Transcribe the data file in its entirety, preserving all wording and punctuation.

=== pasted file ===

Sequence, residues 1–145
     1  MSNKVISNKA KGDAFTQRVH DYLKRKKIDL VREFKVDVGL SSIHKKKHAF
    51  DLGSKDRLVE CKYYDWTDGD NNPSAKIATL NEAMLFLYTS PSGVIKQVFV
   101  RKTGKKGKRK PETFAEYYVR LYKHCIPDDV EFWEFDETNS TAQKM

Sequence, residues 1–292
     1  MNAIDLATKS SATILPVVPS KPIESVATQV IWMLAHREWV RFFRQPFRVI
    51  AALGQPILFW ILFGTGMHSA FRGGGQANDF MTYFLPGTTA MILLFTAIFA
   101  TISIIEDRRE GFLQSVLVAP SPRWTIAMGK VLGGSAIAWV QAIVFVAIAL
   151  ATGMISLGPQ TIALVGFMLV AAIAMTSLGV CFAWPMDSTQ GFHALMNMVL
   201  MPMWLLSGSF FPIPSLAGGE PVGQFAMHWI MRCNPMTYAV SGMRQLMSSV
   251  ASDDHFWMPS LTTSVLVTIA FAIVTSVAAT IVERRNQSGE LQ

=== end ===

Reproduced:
Sequence, residues 1–145
     1  MSNKVISNKA KGDAFTQRVH DYLKRKKIDL VREFKVDVGL SSIHKKKHAF
    51  DLGSKDRLVE CKYYDWTDGD NNPSAKIATL NEAMLFLYTS PSGVIKQVFV
   101  RKTGKKGKRK PETFAEYYVR LYKHCIPDDV EFWEFDETNS TAQKM

Sequence, residues 1–292
     1  MNAIDLATKS SATILPVVPS KPIESVATQV IWMLAHREWV RFFRQPFRVI
    51  AALGQPILFW ILFGTGMHSA FRGGGQANDF MTYFLPGTTA MILLFTAIFA
   101  TISIIEDRRE GFLQSVLVAP SPRWTIAMGK VLGGSAIAWV QAIVFVAIAL
   151  ATGMISLGPQ TIALVGFMLV AAIAMTSLGV CFAWPMDSTQ GFHALMNMVL
   201  MPMWLLSGSF FPIPSLAGGE PVGQFAMHWI MRCNPMTYAV SGMRQLMSSV
   251  ASDDHFWMPS LTTSVLVTIA FAIVTSVAAT IVERRNQSGE LQ